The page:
"Shalom/Salaam" Review by Jewish Rennaissance Magazine

Jewish Rennaissance
Agi Erdos
London, England, April 2011
Jewish Renaissance

What an interesting choice of subject. Although Thomas Block is not the first to claim that Sufism, a mystical tradition within Islam, has been a formative influence on the development of Jewish mysticism from the

earliest days through Chasidism to contemporary practice, no one before him has dedicated an entire book, accessible to the general public, to the subject. Some of the greatest scholars have explored this Sufi influence, reflected in Jewish mystical ideas, spiritual practices and liturgical texts. However, the topic has remained obscure and marginalised until now.

Block was driven to write his book by the conviction that, in response to the political conflict in the Middle East today, as well as the common misconception that Jews and Muslims “were long-time enemies”, a book highlighting the rich spiritual relationship between the two traditions was urgently needed. Block, who calls himself “a Jew interested in [his] own spiritual roots”, devoted more than ten years of his life to researching this subject. The result is a thorough, detailed, though at places tedious account of the interaction between Sufi and Jewish mysticism throughout history.

The Sufi-Jewish ‚mystical fraternity’ begins with medieval scholars such as Maimonides’ descendants in Egypt, and Spanish thinkers including Solomon Ibn Gabirol and Abraham Abulafia. It continues in the development of kabbalah, and later in Chasidism. Much of the thought of the above-mentioned scholars and trends was deeply

influenced by the central Sufi concepts of equanimity, the annihilation of the ego or the emptying of oneself in order to know God. Kabbalistic and Chasidic practices such as the combination of Hebrew letters as a form of meditation, hitbodedut (secluding oneself) or devekut (clinging to God), also bear the mark of Sufism. Numerous Jewish hymns, some of which are in our siddur, for example, ‚Adon Olam’ or parts of the Yom Kippur service, contain Sufi ideas.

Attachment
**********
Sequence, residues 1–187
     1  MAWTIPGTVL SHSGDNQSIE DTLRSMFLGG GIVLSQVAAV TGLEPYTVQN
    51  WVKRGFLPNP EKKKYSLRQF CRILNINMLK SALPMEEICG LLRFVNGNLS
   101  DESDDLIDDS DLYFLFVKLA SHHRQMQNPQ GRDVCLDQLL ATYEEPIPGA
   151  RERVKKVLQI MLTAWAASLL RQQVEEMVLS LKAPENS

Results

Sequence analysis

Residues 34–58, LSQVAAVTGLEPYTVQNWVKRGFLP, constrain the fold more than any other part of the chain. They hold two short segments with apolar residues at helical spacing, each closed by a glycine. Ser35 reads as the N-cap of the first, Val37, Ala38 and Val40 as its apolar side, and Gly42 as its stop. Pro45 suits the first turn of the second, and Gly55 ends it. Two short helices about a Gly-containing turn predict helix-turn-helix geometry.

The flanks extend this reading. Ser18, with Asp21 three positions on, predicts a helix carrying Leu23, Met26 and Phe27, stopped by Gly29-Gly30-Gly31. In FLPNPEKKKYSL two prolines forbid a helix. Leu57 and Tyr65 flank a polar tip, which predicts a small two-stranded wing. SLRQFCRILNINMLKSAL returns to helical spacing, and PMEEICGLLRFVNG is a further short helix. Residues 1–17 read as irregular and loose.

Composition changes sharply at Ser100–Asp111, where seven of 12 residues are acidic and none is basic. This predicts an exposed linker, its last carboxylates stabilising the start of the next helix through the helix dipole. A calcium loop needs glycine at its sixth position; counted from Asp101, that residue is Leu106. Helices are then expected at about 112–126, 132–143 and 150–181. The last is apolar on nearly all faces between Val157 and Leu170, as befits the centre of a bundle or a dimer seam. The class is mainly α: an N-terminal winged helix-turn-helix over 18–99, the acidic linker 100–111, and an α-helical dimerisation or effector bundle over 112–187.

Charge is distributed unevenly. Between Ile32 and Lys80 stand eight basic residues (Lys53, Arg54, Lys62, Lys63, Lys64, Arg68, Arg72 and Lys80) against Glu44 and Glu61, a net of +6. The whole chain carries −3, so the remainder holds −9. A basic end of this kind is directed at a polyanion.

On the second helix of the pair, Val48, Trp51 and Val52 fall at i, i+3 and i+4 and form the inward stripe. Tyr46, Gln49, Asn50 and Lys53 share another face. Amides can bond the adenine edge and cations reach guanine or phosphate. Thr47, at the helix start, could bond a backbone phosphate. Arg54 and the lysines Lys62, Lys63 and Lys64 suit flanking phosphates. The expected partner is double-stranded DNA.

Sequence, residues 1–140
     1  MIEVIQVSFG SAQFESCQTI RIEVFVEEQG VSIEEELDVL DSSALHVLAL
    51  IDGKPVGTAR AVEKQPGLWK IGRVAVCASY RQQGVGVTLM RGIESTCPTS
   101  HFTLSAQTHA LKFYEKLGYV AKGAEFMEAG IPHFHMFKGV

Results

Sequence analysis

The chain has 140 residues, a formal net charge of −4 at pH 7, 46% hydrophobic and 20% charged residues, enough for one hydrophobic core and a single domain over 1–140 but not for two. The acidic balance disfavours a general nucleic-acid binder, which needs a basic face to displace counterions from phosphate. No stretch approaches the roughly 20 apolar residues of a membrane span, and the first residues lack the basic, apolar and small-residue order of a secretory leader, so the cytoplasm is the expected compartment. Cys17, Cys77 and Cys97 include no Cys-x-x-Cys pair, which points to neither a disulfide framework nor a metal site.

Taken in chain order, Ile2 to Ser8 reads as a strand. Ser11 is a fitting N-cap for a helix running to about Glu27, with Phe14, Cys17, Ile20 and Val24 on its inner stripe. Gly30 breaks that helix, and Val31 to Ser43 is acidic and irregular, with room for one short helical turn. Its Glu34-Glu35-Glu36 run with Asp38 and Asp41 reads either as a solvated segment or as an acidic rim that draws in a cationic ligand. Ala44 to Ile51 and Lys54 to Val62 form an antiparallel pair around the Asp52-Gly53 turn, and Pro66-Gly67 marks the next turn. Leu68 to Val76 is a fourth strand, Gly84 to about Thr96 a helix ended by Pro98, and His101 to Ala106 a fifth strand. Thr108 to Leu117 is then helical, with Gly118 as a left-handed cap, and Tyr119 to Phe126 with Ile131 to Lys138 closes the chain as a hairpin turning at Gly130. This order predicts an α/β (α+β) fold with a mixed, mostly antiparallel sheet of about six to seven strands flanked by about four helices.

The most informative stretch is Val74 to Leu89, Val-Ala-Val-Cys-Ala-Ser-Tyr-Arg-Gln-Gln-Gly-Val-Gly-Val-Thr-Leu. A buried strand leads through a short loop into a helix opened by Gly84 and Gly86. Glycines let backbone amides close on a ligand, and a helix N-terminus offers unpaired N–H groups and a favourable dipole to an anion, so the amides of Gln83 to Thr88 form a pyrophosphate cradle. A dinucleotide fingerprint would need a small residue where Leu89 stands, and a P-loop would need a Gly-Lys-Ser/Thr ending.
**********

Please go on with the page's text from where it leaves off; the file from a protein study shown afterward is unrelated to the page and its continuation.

Although Block acknowledges that the influence was mutual between the two traditions, the book one-sidedly focuses on the penetration of Sufi elements into the Jewish mystical tradition. It would have been a more balanced account — and the book’s main message would not have been in any way overshadowed — had he placed more emphasis on the aspect of cross-insemination between the two cultures.

Unfortunately Block doesn’t look at any primary sources in the original Arabic or Hebrew but relies exclusively on secondary literature. Even though this does not diminish the validity of the point he is making, it certainly makes his argument less convincing. Nevertheless, the book fills an important gap and draws our attention to an interesting historical relationship that was little known before.